MORE THAN 300 people living in Dorset are in arrears with their social care payments. A further 101 in the Poole authority area are in a similar situation, a trade union has discovered.

The GMB submitted Freedom of Information requests to every authority in the south western region with responsibility for social care. It discovered that more than 4,000 people in the South West are trapped in debt for their social care and that almost 50 people have been taken to court by local authorities for social care debts.

Social care in England is usually arranged by local authorities but not generally free - most people face a means test, a questionnaire designed to find out how much money they could afford to pay to help with their care.

Sharon Wilde, GMB National Officer, said: “These stark figures show the UK’s social care ticking timebomb has now blown a gaping hole in families’ finances.

“The fact almost 4,000 are in debt because they’re unable to pay for their own care – or that of their loved ones – shows the system just isn’t working."

Poole and Dorset were the only authorities in the Bournemouth Echo circulation area who responded to the FOI request, meaning the true figures are likely to be higher.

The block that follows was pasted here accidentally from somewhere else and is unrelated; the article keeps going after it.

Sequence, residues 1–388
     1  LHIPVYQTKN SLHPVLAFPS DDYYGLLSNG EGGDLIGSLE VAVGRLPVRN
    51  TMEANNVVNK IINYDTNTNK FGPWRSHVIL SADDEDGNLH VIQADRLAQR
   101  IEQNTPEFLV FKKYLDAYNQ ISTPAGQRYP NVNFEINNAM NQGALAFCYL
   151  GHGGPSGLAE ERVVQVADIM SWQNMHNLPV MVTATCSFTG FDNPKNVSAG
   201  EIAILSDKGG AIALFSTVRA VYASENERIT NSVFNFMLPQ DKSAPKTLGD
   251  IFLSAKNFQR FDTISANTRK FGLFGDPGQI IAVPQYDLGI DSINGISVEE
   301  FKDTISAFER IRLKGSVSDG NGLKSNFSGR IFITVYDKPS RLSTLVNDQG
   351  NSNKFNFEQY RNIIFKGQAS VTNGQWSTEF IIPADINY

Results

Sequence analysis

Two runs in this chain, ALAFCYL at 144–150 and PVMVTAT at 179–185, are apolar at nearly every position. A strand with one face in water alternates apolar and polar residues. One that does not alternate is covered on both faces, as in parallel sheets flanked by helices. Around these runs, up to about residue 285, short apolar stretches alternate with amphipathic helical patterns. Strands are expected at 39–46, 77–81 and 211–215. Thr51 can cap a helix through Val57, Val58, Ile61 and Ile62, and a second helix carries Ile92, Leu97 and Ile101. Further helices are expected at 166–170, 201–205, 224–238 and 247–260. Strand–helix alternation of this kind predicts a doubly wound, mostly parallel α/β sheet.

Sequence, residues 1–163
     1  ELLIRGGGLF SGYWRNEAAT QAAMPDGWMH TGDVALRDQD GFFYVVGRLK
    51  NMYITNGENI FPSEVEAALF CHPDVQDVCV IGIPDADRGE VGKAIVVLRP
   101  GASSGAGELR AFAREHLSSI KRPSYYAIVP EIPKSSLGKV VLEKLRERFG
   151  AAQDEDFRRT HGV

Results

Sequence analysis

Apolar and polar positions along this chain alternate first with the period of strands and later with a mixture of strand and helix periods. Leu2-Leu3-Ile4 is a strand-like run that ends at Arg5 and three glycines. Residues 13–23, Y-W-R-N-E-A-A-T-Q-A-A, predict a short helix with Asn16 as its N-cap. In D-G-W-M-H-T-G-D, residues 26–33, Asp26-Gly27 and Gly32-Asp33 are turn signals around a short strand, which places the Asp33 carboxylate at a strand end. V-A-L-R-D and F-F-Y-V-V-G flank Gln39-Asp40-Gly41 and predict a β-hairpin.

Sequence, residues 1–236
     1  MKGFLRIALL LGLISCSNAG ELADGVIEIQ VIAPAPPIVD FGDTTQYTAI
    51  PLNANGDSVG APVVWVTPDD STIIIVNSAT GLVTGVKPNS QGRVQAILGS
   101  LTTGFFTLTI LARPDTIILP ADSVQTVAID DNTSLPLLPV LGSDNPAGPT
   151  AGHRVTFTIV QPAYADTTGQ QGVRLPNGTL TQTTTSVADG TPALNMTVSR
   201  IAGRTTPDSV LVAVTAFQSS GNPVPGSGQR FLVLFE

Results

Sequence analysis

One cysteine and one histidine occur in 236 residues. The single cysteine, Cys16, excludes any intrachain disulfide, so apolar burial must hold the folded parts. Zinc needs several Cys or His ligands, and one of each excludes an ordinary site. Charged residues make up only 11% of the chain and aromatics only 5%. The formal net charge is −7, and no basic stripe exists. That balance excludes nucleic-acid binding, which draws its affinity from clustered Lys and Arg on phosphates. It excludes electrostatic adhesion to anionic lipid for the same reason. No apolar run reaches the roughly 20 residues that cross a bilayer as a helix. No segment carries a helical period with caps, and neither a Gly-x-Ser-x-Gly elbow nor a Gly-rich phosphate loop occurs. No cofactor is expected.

The GMB said that 57 people in Poole were subjected to debt management procedures for their social care fees, with 351 in the Dorset area in a similar position. Two people in Poole were taken to court last year for their alleged arrears.

The GMB sees the issue as part of the problem with social care and the way it is funded. "Our ageing population is creating a huge demand for care staff - but caring is still not seen as a sought after career," said Sharon Wilde.

“We need a clear, coherent strategy for funding social care now and in the future. Otherwise the struggle to recruit and retain carers will become even more acute, while tens of thousands of people are plunged into debt trying to pay for the level of support that they need.”